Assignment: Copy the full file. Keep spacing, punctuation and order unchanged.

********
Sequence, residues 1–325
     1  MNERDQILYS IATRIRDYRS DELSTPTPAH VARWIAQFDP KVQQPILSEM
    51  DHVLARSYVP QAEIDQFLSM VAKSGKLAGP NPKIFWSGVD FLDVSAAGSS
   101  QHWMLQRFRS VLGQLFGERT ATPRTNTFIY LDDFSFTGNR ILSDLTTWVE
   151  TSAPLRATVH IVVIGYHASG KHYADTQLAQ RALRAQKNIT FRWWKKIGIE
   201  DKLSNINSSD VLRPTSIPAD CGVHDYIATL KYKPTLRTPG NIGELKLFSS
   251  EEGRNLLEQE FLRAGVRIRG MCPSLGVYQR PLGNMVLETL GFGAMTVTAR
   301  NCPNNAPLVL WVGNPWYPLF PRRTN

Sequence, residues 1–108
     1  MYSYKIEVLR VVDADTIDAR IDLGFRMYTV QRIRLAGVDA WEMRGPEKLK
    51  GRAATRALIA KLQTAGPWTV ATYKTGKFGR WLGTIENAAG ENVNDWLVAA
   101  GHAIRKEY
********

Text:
Sequence, residues 1–325
     1  MNERDQILYS IATRIRDYRS DELSTPTPAH VARWIAQFDP KVQQPILSEM
    51  DHVLARSYVP QAEIDQFLSM VAKSGKLAGP NPKIFWSGVD FLDVSAAGSS
   101  QHWMLQRFRS VLGQLFGERT ATPRTNTFIY LDDFSFTGNR ILSDLTTWVE
   151  TSAPLRATVH IVVIGYHASG KHYADTQLAQ RALRAQKNIT FRWWKKIGIE
   201  DKLSNINSSD VLRPTSIPAD CGVHDYIATL KYKPTLRTPG NIGELKLFSS
   251  EEGRNLLEQE FLRAGVRIRG MCPSLGVYQR PLGNMVLETL GFGAMTVTAR
   301  NCPNNAPLVL WVGNPWYPLF PRRTN

Sequence, residues 1–108
     1  MYSYKIEVLR VVDADTIDAR IDLGFRMYTV QRIRLAGVDA WEMRGPEKLK
    51  GRAATRALIA KLQTAGPWTV ATYKTGKFGR WLGTIENAAG ENVNDWLVAA
   101  GHAIRKEY